Local writer and podcaster Ryan Woldt pens travel love stories

A bearded man sitting on the couch holding a book
Author Ryan Woldt
(Courtesy of the author)

The varying catharses we experience from travel, specifically the ones that come to us on a road trip, are at the heart of Woldt’s series of ‘Eli and Jane’ books


It’s a literary template that’s as old as the written word itself: a protagonist must venture out into the world to find answers to life’s most burning questions.

Why am I here?

What is my purpose?

Will I ever find love?

The formula worked as well for Homer as it did for Jack Kerouac, and local writer Ryan Woldt knows this.

“I’ve been lucky in the last 20 years in that I’ve been able to do a lot of traveling myself, and those are always the moments I remember,” says Woldt from his home in Carlsbad Village. “More so than going to the tourist spots, more so than going to an event or a festival. It’s the driving together, it’s the getting coffee at the place that has a lot of character. Those are the things that I remember and that’s what I think people can relate to.”

The varying catharses we experience from travel, specifically the ones that come to us on a road trip, are at the heart of Woldt’s series of “Eli and Jane” books. Beginning with last year’s “Eli and Jane” and continued in the recently published “Future Eli & Future Jane,” the duology centers on two young people who are individually experiencing their own existential crises when, in the first book, they eventually meet and form a connection. They ultimately meet up again for another road trip in the second book, this time traveling together.

“The first book was certainly inspired by the constant traveling back-and-forth, because my wife and I are the only ones in our family who live out West. Everyone else is back in Wisconsin or in that area,” says Woldt, who says he’s road-tripped through places like Colorado and Utah over a dozen times over the last decade.

A modest Midwesterner from a working-class family, Woldt acknowledges that he isn’t exactly breaking new ground with his road trip novellas. But he does bring a few things to the table in the “Eli and Jane” books that make the stories stand out.

First, there’s an acute attention to detail to the places the two characters visit.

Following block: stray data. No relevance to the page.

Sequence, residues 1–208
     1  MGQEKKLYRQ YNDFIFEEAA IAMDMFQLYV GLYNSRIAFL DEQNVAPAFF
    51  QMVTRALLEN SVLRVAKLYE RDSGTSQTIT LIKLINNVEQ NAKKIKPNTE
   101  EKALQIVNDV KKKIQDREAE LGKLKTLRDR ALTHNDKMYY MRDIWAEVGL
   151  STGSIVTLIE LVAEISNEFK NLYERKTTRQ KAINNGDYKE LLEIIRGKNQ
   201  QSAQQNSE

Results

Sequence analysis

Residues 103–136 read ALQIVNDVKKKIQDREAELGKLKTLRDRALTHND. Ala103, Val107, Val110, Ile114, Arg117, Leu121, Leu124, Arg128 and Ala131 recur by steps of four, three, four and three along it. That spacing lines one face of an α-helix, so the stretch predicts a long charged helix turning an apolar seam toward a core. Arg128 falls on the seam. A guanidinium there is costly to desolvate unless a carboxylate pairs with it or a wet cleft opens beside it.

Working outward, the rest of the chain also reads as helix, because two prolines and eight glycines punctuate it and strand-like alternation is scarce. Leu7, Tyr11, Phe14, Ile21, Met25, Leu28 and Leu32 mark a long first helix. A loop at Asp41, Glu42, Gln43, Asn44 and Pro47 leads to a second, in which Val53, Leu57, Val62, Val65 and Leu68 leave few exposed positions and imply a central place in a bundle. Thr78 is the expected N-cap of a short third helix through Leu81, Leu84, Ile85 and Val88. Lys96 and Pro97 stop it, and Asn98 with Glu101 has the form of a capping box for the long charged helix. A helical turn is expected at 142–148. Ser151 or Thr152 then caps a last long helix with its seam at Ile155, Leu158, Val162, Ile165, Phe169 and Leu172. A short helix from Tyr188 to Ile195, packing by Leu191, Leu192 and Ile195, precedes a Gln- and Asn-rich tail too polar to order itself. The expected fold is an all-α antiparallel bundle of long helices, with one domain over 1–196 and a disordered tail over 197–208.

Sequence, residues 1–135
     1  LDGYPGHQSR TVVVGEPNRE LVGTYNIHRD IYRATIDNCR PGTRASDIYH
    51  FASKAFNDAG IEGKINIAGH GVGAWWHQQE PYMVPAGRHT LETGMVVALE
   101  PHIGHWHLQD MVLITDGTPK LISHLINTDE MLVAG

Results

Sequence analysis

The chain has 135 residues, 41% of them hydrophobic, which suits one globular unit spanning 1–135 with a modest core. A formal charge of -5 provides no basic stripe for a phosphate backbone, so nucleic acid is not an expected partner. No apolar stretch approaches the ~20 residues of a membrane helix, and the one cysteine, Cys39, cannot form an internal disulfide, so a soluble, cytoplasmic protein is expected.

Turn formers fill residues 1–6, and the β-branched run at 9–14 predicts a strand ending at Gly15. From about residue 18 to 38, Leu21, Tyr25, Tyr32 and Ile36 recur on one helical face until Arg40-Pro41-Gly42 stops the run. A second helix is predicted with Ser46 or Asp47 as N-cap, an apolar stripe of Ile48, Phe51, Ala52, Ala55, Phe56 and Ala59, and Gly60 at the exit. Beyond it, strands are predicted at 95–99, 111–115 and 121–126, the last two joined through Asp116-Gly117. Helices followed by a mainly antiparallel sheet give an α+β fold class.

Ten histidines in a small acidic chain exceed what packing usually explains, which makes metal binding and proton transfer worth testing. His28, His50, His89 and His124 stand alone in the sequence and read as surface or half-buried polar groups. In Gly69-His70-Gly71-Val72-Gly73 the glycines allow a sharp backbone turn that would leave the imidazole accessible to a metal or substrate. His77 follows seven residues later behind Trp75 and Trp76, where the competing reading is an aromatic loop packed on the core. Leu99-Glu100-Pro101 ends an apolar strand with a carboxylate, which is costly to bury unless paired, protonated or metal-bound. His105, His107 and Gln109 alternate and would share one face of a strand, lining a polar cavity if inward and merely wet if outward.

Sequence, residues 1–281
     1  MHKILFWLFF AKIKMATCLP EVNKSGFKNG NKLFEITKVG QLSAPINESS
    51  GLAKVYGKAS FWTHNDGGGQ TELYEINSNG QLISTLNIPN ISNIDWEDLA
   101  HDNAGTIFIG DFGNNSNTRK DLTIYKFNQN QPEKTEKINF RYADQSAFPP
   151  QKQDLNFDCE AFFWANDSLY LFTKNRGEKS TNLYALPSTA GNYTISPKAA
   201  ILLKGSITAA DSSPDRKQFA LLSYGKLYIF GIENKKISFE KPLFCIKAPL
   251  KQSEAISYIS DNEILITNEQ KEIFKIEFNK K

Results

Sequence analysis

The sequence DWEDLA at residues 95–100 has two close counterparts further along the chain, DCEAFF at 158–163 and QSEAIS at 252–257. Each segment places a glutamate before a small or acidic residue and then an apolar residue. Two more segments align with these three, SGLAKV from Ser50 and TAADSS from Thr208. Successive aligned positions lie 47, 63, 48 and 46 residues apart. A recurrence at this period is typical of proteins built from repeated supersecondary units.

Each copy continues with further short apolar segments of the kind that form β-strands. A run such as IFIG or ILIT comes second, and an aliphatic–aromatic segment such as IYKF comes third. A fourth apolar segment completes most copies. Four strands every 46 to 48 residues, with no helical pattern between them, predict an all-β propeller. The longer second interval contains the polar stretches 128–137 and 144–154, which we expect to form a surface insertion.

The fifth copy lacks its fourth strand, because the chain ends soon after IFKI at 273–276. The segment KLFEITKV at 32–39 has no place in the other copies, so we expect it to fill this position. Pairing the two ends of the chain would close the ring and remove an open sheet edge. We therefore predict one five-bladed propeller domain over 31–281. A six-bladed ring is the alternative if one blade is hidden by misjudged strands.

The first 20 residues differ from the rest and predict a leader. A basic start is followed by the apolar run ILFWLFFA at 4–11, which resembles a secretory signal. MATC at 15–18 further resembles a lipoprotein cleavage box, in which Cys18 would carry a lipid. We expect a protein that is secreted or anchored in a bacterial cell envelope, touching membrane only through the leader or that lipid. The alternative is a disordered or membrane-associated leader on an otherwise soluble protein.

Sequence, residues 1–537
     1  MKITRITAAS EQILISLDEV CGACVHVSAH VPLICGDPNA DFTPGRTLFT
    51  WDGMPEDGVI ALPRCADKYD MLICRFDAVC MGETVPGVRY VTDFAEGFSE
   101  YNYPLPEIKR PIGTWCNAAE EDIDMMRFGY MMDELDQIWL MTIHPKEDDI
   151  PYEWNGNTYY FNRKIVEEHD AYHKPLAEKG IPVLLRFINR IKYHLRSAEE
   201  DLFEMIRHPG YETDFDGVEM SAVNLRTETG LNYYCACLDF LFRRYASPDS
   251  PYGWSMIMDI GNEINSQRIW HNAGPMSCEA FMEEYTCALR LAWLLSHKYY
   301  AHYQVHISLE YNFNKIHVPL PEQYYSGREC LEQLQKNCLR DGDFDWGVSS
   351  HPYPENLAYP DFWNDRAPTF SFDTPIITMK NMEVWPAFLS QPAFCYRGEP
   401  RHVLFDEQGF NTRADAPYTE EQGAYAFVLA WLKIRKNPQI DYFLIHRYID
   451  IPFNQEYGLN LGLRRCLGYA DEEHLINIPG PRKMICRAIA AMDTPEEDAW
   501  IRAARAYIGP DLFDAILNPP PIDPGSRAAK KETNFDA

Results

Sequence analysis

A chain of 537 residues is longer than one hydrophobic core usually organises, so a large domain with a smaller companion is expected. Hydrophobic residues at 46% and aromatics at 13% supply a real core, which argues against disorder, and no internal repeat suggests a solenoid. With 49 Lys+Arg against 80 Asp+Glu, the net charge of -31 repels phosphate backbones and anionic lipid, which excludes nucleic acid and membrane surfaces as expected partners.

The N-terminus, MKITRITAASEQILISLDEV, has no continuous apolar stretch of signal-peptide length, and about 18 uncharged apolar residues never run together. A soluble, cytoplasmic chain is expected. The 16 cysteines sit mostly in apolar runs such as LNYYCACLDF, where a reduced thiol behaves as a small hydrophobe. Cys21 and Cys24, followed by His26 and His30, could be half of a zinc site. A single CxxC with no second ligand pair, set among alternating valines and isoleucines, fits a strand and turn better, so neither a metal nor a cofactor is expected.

“I wrote and mapped out the route that I thought they would take before I wrote the book,” says Woldt of the new book. “I knew before going into it, these are some of the places I’m going to hit and these are some of the places that I think will have an emotional connection. Whether that’s under the trees of the Redwood National Forest or going over the Golden Gate Bridge, I knew those landscapes were important to me and that they would add value to the storyline.”

Second, and perhaps more importantly, Woldt is cognizant of the fact that what readers take away from the story will depend largely on what stage of life they’re in at the moment. That is, a younger person might read about Eli and Jane and think it’s still possible to start over in a new place with a new outlook on life. An older person might read it and get a sense of nostalgia, recalling the times in their lives when they themselves pondered such questions and, perhaps, hit the road looking for answers.

“Some of the best compliments I received about ‘Future Eli & Future Jane’ is that I’ve asked what people think happens at the end, and I’ve received about 20 different answers,” Woldt says. “That’s a great compliment because I think what it means is that each reader is taking their own journey with these characters and interpreting them differently.”

Woldt says he graduated college at the University of Wisconsin-Eau Claire and left convinced he was going to be a writer, but as is the case with many aspiring novelists, responsibilities set in, and Woldt soon found himself putting his literary dreams on the back burner. Over the years, he worked in everything from commercial real estate to graphic design. He and his wife bounced around to different cities, from Pittsburgh to Anaheim. Eventually she was offered a job in San Diego and the two have been here for nine years.

A few years ago, however, Woldt and his wife finally paid off their student loans, which afforded him the opportunity to devote more of his time to writing and pursuing other creative outlets like his “Roast! West Coastcoffee podcast.

“I now have the luxury of trying to go for it with these things and I would feel guilty if I didn’t. A lot of my efforts are driven by guilt,” says Woldt, who grew up in a religious family. “Whether it’s writing the books or starting a podcast or getting a tattoo, once it’s stuck in my brain, it’ll gnaw at me until I have no choice.”

So in many ways, the “Eli and Jane” books could be seen as a creative manifestation of this new-found freedom. Just as the characters hit the road in hopes of finding themselves, Woldt appears to be on a new journey of his own.

“I do love writing, and I think I finally came to a point where I thought, ‘well, why can’t I try doing this instead of doing jobs that I’m less happy at,’” Woldt asks. “I’m going to be just as stressed doing the other thing, but at least this stress is one that I choose and want.”

Maker’s Market presents Ryan Woldt

When: 9 a.m. to noon, Sunday, Dec. 12

Where: Coffee Cycle, 1632 Grand Ave., Pacific Beach

Tickets: Free


Combs is a freelance writer.